The legal profession in Canada is governed by the laws, rules and regulations of the law society of which a lawyer is a member or to which a person is applying for membership. The governing body of the legal profession in most common law jurisdictions in Canada is called a “law society”.
Each law society is administered by a board of directors, generally known as Benchers. They meet on a regular basis and govern the affairs of the law society. Each law society has a professional and support staff, headed by a Chief Executive Officer, Executive Director or Secretary.
One of the primary responsibilities of the law societies is the admission to practice – the licensing process.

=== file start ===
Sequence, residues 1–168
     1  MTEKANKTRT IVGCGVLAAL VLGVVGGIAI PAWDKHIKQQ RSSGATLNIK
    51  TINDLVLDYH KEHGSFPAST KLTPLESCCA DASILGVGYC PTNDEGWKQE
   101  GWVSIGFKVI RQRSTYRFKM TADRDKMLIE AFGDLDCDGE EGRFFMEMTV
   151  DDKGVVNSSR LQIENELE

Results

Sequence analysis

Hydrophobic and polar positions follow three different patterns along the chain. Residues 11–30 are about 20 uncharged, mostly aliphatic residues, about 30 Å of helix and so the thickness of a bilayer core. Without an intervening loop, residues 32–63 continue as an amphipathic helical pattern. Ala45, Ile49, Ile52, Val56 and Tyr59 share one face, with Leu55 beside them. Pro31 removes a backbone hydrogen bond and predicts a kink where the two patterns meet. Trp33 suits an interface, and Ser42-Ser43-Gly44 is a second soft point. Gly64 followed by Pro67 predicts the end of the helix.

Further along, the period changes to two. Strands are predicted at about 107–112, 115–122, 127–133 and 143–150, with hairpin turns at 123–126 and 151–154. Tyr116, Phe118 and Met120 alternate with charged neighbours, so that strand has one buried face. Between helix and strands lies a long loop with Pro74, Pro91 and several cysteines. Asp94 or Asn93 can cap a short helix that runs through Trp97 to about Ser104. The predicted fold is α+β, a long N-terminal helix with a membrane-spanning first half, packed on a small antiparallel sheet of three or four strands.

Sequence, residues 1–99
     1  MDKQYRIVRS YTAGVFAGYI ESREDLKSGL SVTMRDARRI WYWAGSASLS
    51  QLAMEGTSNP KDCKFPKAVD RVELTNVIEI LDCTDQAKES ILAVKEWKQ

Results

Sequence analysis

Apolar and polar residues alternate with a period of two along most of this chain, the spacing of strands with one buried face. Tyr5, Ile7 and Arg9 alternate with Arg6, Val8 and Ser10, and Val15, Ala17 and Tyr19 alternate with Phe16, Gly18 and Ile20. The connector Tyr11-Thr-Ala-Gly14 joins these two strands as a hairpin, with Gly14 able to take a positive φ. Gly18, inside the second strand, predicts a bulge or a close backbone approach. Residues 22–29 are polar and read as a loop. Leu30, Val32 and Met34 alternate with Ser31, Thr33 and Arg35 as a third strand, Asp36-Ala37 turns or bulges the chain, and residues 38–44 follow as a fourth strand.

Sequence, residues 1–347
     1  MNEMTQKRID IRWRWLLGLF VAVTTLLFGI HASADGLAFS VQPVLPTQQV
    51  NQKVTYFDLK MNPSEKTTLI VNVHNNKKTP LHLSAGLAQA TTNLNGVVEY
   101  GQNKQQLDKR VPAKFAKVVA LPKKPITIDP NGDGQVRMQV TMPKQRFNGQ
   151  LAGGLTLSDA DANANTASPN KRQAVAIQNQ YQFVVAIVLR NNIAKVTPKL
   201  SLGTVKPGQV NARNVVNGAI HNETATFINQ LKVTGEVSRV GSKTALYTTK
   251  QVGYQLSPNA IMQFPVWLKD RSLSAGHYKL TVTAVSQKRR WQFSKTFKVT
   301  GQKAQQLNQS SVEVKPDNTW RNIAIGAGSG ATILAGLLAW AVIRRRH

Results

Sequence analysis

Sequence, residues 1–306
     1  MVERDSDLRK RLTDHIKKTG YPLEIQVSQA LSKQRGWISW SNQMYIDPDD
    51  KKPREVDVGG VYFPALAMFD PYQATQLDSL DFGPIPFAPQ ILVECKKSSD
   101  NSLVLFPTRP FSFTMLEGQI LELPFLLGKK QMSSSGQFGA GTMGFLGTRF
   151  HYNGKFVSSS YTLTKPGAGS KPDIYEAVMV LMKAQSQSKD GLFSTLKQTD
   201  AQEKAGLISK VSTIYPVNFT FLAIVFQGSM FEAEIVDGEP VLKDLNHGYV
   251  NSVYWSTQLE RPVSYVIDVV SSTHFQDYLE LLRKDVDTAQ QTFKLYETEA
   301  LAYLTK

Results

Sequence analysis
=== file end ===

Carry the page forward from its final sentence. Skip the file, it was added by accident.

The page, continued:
Generally speaking, an applicant as a student-at-law (also called a “student member” or “articled student” depending on the province) must provide documentation which establishes that he or she is the holder of a law degree from a recognized Canadian university.
As a student-at-law of a law society, he or she will complete an articling period, and will complete that law society’s bar admission course or professional legal training course. Upon successful completion of the articling period and the bar admission course, the student-at-law can apply for membership in the law society. Usually the student-at-law will be required to demonstrate that he or she is of good character and repute and will be required to make a formal appearance to be “called to the bar” of that society.